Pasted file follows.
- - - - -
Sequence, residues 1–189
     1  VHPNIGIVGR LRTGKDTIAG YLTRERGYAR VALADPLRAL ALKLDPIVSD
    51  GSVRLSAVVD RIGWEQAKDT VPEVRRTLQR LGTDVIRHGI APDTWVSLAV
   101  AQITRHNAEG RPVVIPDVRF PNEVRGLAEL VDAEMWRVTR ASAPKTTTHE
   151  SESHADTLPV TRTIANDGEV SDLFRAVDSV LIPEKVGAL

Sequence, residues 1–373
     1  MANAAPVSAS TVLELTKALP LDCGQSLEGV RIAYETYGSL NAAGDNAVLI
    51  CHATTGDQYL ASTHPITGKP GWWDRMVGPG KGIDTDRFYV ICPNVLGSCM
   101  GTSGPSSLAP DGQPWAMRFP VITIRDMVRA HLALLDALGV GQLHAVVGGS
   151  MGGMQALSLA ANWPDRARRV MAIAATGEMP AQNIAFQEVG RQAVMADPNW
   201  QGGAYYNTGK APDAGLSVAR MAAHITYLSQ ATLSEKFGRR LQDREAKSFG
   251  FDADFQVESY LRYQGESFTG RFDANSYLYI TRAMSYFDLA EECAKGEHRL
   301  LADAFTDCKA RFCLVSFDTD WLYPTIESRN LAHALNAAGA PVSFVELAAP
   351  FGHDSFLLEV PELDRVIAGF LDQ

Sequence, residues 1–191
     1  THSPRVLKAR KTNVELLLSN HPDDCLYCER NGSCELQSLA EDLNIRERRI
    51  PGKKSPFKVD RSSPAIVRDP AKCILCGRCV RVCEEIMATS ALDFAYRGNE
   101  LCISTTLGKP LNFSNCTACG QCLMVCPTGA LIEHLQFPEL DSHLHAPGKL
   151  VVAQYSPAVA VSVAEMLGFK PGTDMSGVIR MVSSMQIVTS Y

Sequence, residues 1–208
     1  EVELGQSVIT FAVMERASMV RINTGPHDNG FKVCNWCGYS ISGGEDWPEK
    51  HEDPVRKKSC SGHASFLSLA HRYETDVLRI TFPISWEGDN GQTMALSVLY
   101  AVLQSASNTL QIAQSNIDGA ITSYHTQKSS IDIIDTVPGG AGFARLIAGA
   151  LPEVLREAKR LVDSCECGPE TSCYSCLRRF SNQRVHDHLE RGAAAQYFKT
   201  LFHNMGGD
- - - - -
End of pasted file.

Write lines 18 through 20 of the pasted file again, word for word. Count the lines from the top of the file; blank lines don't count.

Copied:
   101  LCISTTLGKP LNFSNCTACG QCLMVCPTGA LIEHLQFPEL DSHLHAPGKL
   151  VVAQYSPAVA VSVAEMLGFK PGTDMSGVIR MVSSMQIVTS Y

Sequence, residues 1–208